"The opioid overdose epidemic in the United States is a large-scale emergency, one that is too large for any individual organization or sector to tackle alone," said Judith Monroe, MD, president and CEO of the CDC Foundation. "That's why it is vital for partners to work across the government, philanthropic and private sectors to address this emergency, while ensuring that investments are complementary and utilize data and extend practices known to be effective. Together we can reduce the number of deaths from opioid overdose."
"Unlike other public health issues in the United States that are getting better, the problem of overdose has been getting worse," said José Luis Castro, President and CEO of Vital Strategies. "We all understand the gravity of this issue, but we need to maximize our ability to solve it. That is why we are honored to partner with Bloomberg Philanthropies in the effort to better equip states to reduce harms and save lives by leveraging existing resources and tailoring solutions to the unique needs and challenges of their communities."
"We look forward to working with Bloomberg Philanthropies to help states adopt evidence-based policies that will expand access to treatment and reduce overdose deaths," said Allan Coukell, senior director of health programs at The Pew Charitable Trusts. "Curbing this public health crisis requires that a variety of stakeholders—including first responders, medical and behavioral health providers, correctional facilities, and policymakers—coordinate their efforts to build treatment systems that ensure that individuals with opioid use disorder get the help they need."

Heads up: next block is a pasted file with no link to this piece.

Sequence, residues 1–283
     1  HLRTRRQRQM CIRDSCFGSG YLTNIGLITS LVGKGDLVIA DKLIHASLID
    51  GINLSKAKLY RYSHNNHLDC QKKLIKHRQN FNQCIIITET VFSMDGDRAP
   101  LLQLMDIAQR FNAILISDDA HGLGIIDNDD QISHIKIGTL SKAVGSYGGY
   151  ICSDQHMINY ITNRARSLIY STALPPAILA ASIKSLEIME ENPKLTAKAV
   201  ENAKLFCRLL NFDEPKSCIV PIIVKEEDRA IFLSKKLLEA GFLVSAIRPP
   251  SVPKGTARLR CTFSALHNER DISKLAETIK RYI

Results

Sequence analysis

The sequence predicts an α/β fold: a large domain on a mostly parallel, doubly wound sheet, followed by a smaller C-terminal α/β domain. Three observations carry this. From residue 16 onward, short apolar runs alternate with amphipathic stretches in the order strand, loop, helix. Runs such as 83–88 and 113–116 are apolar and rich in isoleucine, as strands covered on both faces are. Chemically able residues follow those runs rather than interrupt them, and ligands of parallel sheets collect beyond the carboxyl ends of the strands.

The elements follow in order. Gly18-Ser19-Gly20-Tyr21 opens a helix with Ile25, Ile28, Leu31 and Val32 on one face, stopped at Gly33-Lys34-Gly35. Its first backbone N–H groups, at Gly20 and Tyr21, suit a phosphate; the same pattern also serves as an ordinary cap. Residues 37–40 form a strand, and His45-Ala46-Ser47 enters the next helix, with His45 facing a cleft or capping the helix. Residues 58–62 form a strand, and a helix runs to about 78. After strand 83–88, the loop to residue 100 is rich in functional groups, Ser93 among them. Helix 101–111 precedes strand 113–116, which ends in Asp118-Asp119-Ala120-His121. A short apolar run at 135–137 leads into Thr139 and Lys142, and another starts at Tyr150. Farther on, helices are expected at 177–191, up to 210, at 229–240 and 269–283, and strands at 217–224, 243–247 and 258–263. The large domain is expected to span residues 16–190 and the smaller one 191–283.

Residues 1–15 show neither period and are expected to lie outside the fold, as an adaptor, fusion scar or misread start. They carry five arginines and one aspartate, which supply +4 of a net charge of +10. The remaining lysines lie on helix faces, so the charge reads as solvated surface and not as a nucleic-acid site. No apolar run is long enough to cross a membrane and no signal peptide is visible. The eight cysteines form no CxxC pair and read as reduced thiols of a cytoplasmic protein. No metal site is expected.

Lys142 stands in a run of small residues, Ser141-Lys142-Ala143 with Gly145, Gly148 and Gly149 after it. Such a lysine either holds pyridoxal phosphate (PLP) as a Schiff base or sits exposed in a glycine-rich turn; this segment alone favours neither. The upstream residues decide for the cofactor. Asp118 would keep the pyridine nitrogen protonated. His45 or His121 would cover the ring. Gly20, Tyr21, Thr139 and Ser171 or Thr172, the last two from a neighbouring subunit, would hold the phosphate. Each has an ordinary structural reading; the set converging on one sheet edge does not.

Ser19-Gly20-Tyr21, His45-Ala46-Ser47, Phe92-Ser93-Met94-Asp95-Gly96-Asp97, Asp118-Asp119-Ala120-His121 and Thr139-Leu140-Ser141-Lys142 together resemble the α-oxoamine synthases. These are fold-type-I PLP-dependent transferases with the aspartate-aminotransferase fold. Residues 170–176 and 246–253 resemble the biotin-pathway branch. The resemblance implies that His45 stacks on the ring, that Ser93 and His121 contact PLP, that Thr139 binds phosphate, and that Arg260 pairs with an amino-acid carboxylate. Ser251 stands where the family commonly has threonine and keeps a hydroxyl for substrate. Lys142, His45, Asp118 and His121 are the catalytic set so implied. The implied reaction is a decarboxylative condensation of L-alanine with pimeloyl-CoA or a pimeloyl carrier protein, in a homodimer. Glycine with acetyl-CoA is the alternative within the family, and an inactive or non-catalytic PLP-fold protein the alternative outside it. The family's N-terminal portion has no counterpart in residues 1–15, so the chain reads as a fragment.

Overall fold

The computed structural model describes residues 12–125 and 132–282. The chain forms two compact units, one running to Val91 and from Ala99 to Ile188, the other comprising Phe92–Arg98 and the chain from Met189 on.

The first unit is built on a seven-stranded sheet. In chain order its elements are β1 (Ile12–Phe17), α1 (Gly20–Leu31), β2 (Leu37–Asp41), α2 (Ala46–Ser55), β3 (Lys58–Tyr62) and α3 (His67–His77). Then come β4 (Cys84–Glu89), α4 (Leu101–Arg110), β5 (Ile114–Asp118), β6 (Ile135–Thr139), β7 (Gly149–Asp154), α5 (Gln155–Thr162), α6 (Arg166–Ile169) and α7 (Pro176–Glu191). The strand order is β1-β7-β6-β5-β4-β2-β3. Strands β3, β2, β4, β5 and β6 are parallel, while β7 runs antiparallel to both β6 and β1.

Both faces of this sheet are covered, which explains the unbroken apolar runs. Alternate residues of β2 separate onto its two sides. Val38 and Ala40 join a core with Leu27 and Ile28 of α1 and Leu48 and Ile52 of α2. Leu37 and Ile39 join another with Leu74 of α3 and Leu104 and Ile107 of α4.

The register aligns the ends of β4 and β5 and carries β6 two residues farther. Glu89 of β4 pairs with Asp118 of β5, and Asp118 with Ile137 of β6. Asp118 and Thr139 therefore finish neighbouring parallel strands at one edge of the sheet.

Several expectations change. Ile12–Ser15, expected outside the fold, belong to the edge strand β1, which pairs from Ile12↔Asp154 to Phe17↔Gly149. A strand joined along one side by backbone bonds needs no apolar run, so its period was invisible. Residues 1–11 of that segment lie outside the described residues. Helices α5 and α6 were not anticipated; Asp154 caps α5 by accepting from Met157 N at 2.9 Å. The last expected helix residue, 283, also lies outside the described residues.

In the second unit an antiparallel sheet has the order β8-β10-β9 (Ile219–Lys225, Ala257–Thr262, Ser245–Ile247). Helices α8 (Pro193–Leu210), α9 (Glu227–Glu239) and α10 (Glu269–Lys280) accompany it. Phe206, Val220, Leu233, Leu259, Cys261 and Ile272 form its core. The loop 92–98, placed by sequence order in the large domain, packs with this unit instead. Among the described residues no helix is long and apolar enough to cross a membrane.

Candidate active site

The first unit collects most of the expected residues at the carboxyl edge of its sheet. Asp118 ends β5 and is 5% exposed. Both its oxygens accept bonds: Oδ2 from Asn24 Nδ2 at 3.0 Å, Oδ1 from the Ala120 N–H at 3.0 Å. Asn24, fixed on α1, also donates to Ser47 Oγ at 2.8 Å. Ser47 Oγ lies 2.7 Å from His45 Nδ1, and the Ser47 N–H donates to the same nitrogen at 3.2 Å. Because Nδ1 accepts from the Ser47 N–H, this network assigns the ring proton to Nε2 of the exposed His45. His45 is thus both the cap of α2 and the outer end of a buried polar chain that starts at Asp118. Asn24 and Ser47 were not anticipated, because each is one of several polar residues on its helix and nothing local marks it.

"Communities across the country are taking innovative steps to address the opioid epidemic. Evaluating the efficacy of these approaches will help us determine which ones should be scaled up and implemented across the board," said Ellen J. MacKenzie, PhD, MSc, Bloomberg Distinguished Professor and Dean of the Johns Hopkins Bloomberg School of Public Health. As the home of the Bloomberg American Health Initiative, we are eager to do our part to help translate research into life-saving action."
About Bloomberg Philanthropies Bloomberg Philanthropies works in 480 cities in more than 120 countries around the world to ensure better, longer lives for the greatest number of people. The organization focuses on five key areas for creating lasting change: Arts, Education, Environment, Government Innovation, and Public Health. Bloomberg Philanthropies encompasses all of Michael R. Bloomberg's charitable activities, including his foundation and his personal giving. In 2017, Bloomberg Philanthropies distributed $702 million. For more information, please visit www.bloomberg.org or follow us on Facebook, Instagram, Snapchat, and Twitter.
Contact: Jean Weinberg, +1-212-205-0247 / firstname.lastname@example.org
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SOURCE Bloomberg Philanthropies